Kateryna Handziuk, Ukrainian Activist, Dies From Acid Attack
KIEV, Ukraine — Three months ago, an attacker splashed a liter of sulfuric acid over her head, burning 30 percent of her body. But Kateryna Handziuk, an anti-corruption activist, continued to speak out from her hospital bed about unsolved attacks on dozens of civic activists in Ukraine this year.Posted — Updated
KIEV, Ukraine — Three months ago, an attacker splashed a liter of sulfuric acid over her head, burning 30 percent of her body. But Kateryna Handziuk, an anti-corruption activist, continued to speak out from her hospital bed about unsolved attacks on dozens of civic activists in Ukraine this year.
On Sunday, after 11 surgeries and numerous skin grafts, Handziuk died from complications from her wounds.
Her scarred face had already become a rebuke of the foot-dragging of the government of President Petro Poroshenko on anti-corruption measures — a key demand of the protesters who ushered him to power in 2014.
“Yes, I know that I look bad, but at least I am being treated,” Handziuk told Hormadske Television from her hospital bed in September, two months after the attack. “And I’m sure that I look better than fairness and justice in Ukraine, because they are not being treated by anybody today.”
The attack on Handziuk has drawn attention to a recent rise in the number of assaults on anti-corruption activists in Ukraine, something that she was working to publicize. Rights groups say that at least 50 activists have been attacked this year in Ukraine, most while tangling with corrupt officials.
The Western-backed government has pushed through overhauls of the police and military, but critics say that corruption in state-owned companies, the courts and local government remains rampant. The International Monetary Fund has delayed some aid disbursement, in part because Ukraine has failed to establish a specialized anti-corruption court.
Supporters of Poroshenko say that progress has been made, but that not all of Ukraine’s problems can be solved quickly. Criticism of his administration’s shortcomings, they say, distracts from Russia’s military intervention in Ukraine.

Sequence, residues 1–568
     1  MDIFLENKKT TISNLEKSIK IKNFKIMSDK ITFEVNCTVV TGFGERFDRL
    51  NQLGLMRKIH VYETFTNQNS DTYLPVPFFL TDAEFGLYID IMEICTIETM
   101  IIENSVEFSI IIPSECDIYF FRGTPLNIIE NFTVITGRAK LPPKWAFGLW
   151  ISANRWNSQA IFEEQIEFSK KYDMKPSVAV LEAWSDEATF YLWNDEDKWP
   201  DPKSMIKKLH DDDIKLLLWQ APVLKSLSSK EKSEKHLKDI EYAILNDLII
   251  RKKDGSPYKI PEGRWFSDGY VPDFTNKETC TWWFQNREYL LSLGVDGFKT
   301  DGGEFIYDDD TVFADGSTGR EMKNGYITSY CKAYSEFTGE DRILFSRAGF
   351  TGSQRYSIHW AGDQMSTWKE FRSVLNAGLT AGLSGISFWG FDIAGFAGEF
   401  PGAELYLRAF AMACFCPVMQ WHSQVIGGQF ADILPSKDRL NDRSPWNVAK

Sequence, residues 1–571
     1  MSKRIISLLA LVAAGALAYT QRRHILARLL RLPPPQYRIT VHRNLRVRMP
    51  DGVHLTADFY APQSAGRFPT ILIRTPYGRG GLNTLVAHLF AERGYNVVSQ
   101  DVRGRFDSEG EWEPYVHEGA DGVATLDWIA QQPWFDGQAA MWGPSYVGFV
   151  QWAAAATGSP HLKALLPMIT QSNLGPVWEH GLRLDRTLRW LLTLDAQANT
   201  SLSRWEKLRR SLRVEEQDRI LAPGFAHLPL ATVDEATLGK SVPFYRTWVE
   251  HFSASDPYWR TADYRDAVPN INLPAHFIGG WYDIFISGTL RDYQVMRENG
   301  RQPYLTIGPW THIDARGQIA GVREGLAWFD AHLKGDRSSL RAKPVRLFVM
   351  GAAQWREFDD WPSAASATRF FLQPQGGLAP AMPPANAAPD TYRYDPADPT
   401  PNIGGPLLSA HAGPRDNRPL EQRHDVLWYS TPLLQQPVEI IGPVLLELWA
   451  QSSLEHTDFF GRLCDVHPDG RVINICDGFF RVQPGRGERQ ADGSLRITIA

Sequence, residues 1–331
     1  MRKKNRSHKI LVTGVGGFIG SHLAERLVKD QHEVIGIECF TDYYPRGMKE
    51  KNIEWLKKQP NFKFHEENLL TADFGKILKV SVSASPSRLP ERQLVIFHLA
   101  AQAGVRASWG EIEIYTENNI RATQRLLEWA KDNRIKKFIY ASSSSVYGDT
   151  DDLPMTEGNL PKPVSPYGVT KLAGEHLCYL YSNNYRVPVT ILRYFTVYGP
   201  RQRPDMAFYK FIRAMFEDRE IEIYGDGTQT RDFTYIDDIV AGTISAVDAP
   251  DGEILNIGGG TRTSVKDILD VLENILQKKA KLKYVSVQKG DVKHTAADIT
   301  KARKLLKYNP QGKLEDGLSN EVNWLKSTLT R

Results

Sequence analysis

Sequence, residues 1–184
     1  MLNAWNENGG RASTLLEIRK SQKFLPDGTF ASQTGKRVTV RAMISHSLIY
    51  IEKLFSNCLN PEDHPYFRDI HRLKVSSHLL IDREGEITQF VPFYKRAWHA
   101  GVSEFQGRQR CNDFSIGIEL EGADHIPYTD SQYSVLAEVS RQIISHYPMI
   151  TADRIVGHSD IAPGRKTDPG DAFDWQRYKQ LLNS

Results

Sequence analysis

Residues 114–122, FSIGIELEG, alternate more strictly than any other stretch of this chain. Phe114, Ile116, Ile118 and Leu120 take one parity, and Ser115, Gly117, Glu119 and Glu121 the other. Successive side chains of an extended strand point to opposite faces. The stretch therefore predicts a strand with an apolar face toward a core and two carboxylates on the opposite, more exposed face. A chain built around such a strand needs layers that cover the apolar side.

Handziuk was known as a vocal critic of corruption in law enforcement agencies, particularly police in her city, Kherson, near the border with Russian-occupied Crimea. She had campaigned against pro-Russia separatism but had recently shifted her focus to corruption and attacks on civic activists, accusing police of passiveness in investigations of the attacks.
Poroshenko expressed condolences Sunday to Handziuk’s family and called for a thorough investigation. “I appeal to law enforcement to do everything to find the murderers, to punish the murderers, and to put them on trial,” he said.
After the attack, police detained five suspects and claimed to have detained the person who organized the assault. But local courts reportedly released two suspects to house arrest pending trial, despite the gravity of the assault.
Despite routine promises of robust investigations, high-profile killings have languished in Ukraine’s courts. No suspects have been detained in the 2016 bombing that killed Pavel G. Sheremet, a journalist who had been critical of far-right paramilitary groups.
Sunday evening, after news emerged of Handziuk’s death, protesters gathered in five cities to demand a transparent investigation and justice. About 200 people held a candlelight vigil in front of the main police department in Kiev, the capital.
“Those who ordered the murder of Handziuk now watch how society reacts,” Mustafa Nayyem, a member of Parliament, said in a telephone interview. “Will we accept this murder, or will we fight?”
In her interview with the Ukrainian television station, Handziuk had also demanded answers about the attacks on activists. “Why do we encourage people to be socially active but we cannot protect them?” she said.
But Ukraine could change, she said, adding, “Each of us will be free, and there will be no fear in our hearts.”
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